A bipartisan group of federal policymakers has vowed to block any plans the Bush administration might have to close the so-called “upper payment limit” loophole in the Medicaid state reimbursement formula.
According to CongressDaily/AM Reports, Members of Congress from both chambers and both parties are “vowing to block or at least delay” a proposed rule phasing out a Medicaid loophole. A similar battle took place during the Clinton administration’s tenure, when Congress successfully “watered down” a proposal to curtail the states’ use of the “upper payment limit.”
Medicaid currently permits state budget officials to reimburse health care providers several times more than the standard Medicare rate for services provided to Medicaid patients. The Medicaid reimbursement formula might permit state officials, for example, to request federal matching funds of 200 percent the Medicare rate for an x-ray or other lab work.
Once they’ve received the federal matching funds, state budget officials can “share” the inflated reimbursement with the care providers, sending them perhaps 135 percent of the standard Medicare rate for the x-ray. What they don’t turn over to the care providers can be used for any budgetary purpose, from fixing potholes to increasing salaries for state employees. There is no law or regulation requiring the funds be used only for health care-related services.
The Clinton administration sought to reduce the upper payment limit to 150 percent of the rate a service would be reimbursed under Medicare.
But Tom Scully, administrator of the Center for Medicare and Medicaid Services (CMS), said CMS will seek to reduce the upper payment limit to 100 percent, effectively closing the loophole. He said the 150 percent level was “well-meaning, but it’s turned out to be a hole you can drive a truck through.”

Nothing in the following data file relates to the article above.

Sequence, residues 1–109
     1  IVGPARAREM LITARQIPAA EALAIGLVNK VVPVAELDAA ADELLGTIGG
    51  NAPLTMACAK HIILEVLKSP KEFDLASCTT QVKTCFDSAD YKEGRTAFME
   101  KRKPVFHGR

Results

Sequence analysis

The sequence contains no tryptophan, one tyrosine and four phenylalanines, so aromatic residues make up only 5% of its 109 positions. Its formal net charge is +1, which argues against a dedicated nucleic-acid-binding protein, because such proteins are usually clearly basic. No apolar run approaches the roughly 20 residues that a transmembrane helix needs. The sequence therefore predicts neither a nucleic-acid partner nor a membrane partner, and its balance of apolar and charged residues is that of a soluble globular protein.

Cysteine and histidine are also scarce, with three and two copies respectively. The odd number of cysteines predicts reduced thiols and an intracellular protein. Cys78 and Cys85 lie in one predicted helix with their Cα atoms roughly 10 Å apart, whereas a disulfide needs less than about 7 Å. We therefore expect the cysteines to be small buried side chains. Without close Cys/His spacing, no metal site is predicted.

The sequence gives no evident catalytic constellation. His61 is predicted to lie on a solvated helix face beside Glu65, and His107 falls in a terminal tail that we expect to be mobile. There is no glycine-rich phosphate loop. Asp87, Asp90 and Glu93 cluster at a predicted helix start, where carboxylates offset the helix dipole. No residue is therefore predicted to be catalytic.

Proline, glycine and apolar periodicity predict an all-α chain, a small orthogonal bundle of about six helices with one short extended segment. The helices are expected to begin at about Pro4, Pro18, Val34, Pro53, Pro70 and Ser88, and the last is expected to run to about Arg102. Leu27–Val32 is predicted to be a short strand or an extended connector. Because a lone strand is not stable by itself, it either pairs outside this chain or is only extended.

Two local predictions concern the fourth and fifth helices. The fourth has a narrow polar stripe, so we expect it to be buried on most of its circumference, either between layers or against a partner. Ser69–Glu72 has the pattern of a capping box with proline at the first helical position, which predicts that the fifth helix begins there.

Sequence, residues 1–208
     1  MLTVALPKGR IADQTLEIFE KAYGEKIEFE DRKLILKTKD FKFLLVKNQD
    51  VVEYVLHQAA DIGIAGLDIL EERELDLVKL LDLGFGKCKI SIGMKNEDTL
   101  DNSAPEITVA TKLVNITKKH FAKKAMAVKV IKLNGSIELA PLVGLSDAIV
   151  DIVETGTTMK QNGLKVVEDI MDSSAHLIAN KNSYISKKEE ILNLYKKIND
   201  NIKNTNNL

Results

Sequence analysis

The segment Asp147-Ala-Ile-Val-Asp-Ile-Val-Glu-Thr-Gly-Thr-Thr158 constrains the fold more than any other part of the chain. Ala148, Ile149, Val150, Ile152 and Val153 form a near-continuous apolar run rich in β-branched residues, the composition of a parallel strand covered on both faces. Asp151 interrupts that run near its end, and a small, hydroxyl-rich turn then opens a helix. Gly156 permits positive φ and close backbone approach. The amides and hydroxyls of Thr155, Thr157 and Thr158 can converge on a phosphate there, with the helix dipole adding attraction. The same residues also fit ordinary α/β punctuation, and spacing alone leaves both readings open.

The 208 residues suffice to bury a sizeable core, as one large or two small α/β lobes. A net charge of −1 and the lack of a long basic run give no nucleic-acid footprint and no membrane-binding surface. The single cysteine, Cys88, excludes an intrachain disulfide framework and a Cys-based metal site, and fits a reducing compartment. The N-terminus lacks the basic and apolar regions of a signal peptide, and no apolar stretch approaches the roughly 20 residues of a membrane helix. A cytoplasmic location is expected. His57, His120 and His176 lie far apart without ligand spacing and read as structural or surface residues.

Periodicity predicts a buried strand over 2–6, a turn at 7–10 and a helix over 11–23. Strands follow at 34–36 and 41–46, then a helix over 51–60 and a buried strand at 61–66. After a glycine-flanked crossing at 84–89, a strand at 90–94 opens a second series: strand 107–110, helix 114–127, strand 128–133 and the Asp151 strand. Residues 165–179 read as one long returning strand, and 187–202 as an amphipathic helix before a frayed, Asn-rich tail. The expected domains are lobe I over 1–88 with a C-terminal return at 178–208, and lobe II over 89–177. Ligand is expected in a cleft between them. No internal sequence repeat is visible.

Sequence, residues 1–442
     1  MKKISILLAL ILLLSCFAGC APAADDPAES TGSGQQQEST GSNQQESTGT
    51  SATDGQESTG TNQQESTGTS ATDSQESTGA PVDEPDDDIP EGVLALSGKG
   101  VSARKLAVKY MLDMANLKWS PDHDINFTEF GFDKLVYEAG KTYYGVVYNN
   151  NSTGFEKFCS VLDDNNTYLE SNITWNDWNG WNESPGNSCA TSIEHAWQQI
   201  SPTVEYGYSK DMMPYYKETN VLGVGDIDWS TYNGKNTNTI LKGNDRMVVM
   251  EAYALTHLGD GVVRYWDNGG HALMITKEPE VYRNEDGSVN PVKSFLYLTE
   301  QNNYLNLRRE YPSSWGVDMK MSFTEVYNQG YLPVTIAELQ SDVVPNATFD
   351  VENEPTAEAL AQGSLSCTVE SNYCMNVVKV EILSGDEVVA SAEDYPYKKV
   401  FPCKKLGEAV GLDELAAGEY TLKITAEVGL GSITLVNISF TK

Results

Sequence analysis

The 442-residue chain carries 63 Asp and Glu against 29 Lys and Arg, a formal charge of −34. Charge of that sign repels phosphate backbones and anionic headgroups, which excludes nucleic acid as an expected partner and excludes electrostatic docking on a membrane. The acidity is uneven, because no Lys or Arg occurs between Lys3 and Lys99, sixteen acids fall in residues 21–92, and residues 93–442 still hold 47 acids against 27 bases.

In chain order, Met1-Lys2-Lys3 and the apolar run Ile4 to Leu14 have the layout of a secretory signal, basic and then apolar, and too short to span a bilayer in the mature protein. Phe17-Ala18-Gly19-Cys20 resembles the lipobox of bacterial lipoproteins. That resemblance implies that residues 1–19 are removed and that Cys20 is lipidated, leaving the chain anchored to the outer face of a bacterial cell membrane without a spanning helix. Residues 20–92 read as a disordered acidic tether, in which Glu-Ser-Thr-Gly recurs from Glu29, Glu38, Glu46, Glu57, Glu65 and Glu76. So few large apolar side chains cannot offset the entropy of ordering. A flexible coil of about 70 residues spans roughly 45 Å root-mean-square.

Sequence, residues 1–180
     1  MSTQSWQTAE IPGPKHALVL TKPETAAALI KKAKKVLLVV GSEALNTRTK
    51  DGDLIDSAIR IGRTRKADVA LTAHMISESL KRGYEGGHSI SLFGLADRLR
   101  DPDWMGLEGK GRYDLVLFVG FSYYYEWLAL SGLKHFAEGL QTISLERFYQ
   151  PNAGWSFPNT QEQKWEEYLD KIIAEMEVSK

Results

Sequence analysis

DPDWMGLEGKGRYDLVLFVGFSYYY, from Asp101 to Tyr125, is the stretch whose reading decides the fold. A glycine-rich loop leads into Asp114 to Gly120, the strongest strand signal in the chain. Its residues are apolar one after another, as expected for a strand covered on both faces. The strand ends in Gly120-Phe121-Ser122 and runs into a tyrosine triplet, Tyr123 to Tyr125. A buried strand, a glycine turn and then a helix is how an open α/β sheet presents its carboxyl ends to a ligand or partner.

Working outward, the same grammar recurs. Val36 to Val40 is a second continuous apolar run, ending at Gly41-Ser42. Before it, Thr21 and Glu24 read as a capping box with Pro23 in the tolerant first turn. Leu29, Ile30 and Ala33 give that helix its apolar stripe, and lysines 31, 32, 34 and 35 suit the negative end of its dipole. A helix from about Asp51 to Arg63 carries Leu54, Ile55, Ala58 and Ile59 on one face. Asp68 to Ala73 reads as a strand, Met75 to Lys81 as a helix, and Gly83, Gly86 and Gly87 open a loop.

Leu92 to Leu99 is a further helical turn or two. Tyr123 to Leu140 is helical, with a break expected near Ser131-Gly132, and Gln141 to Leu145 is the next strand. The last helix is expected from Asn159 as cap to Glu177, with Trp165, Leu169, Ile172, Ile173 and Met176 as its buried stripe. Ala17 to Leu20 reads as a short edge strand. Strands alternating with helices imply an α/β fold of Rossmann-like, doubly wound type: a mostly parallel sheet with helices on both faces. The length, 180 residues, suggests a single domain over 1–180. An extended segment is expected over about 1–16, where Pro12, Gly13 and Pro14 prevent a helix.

Protecting Their Turf
Many lawmakers say closing the loophole would hurt state and community services like free medical clinics and public hospital systems. States that have used the over-payment of funds to pay for health services would see their federal funding greatly reduced.
“I’ve got hospitals out there that if they are taken back to 100 percent, they fold,” said Senator Blanche Lincoln (D-Arkansas), who has introduced language in the Senate’s version of the economic stimulus bill to delay for six months implementation of the proposed rule.
CongressDaily/AM also reports the rule has particularly upset lawmakers from California, which uses loophole funds to subsidize the state’s emergency and trauma care system. “This longstanding program is a cornerstone of financial support for the state’s health care safety net, and all federal Medicaid dollars are used exclusively for health care purposes,” 47 members of the California House delegation wrote in a letter to House leaders. “Therefore, any steps taken to rightfully eliminate abuses of the Medicaid program under [the loophole] should not undermine California’s program.”
Scully says the plan to close the loophole will go forward. “If Congress wants to change it, they’re going to have to finance it.”